When I brainstorm, I start with writing a prayer, asking for the ideas to just flow. I write my prayer for maybe 15 minutes, and then I brainstorm for no more than an hour. I actually set a timer for that hour
I either use sticky notes and posterboard, or Scapple (available at literatureandlatte.com), which is like using sticky notes electronically, and it is free for 30 uses if you want to check it out.
I write down everything I can think of—one idea per note.
If you use Scapple, click on View Inspector, and click on a color of note and drag it over to the canvas, and you will see what I mean about electronic sticky notes.
I don’t arrange the notes in order, I just stick them on the posterboard or drag them onto the electronic canvas. I don’t try to place order while I brainstorm. Brainstorming is a creative activity, and as such, it uses the right side of your brain. Adding structure and order is analytical, and those activities use the left side of your brain.
If you try to place everything in order as you brainstorm, you will stifle your creative juices.
If you are reading this blog and want to write, you likely already have ideas brewing. So, writing down all your ideas may be enough. In fact, it may be more than enough. My one brainstorm is now turned into a series of three books.
I use one color of sticky notes for any stories.
I use another color for lessons I learned.
If you are writing about your life, start listing facts or ideas about your most compelling God story. Now what are the next five or 10 compelling, related God stories. Was there something that was similar to the bigger story?
Also, here are some other great prompts to identify compelling stories:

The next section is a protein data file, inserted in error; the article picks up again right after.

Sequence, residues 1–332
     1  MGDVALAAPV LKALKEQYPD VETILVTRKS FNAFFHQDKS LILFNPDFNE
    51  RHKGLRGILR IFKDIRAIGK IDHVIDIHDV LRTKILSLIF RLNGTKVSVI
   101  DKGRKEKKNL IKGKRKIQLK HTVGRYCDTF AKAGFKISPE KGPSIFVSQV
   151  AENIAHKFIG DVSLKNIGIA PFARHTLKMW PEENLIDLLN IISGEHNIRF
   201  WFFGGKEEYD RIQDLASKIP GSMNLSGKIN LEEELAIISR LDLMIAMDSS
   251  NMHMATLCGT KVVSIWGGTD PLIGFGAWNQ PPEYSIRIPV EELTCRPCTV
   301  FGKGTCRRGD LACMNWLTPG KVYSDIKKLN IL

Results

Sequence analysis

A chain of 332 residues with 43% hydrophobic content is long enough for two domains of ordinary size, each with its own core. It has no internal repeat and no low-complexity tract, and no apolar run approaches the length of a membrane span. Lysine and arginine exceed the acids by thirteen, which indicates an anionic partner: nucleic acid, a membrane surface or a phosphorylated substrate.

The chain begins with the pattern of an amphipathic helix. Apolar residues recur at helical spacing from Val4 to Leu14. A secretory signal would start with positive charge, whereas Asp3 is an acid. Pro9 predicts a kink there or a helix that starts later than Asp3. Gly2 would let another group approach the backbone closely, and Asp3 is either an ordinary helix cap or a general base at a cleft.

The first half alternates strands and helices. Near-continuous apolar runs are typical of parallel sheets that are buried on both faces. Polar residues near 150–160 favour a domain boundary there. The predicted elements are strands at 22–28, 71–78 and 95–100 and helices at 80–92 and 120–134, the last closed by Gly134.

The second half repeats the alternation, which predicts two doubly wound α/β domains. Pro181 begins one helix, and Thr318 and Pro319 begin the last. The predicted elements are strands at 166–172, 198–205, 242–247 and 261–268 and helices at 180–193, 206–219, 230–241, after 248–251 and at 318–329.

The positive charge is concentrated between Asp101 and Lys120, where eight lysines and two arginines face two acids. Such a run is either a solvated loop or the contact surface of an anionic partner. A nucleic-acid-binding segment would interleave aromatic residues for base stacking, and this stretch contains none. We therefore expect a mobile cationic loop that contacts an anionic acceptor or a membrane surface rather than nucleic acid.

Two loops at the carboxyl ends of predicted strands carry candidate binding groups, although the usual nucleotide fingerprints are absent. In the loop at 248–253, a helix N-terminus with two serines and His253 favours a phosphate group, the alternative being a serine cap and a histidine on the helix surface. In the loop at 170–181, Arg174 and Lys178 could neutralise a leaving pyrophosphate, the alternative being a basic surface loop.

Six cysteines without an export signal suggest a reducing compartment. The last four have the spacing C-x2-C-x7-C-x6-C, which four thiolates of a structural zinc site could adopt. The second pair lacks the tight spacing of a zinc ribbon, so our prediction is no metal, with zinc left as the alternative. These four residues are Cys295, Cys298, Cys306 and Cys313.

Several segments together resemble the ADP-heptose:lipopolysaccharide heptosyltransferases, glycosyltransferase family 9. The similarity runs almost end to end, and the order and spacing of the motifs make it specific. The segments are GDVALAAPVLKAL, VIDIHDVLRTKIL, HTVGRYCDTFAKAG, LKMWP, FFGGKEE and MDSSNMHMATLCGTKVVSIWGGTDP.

Have you experienced miracles?
Escaped from danger?
What ongoing challenges have you overcome?
Now for lessons:
What lessons would you tell your younger self?
What do you wish you would have known sooner?
After I get the big stories and lessons identified, I use a shade of the main color for sub points. So, I might use a turquoise blue for the main point, and a teal blue for the sub points. The sub points are when I put in other people involved, and perhaps scene details I think are important. In journalism, the subpoints are the who, what, where, why, when, and how. Probably some of these ideas are in your main point, but if not, put those details on the subpoints sticky notes.
These questions might be more than enough for your brainstorm. If it is, stop there. If not, read on to part II of “Receiving His Rain in Brainstorming” for more ideas.
If you are like many first-time faith-based authors I work with, you may need help brainstorming or evaluating your brainstorming. If that’s you, check out my upcoming group classes or request writing coaching by emailing firstname.lastname@example.org.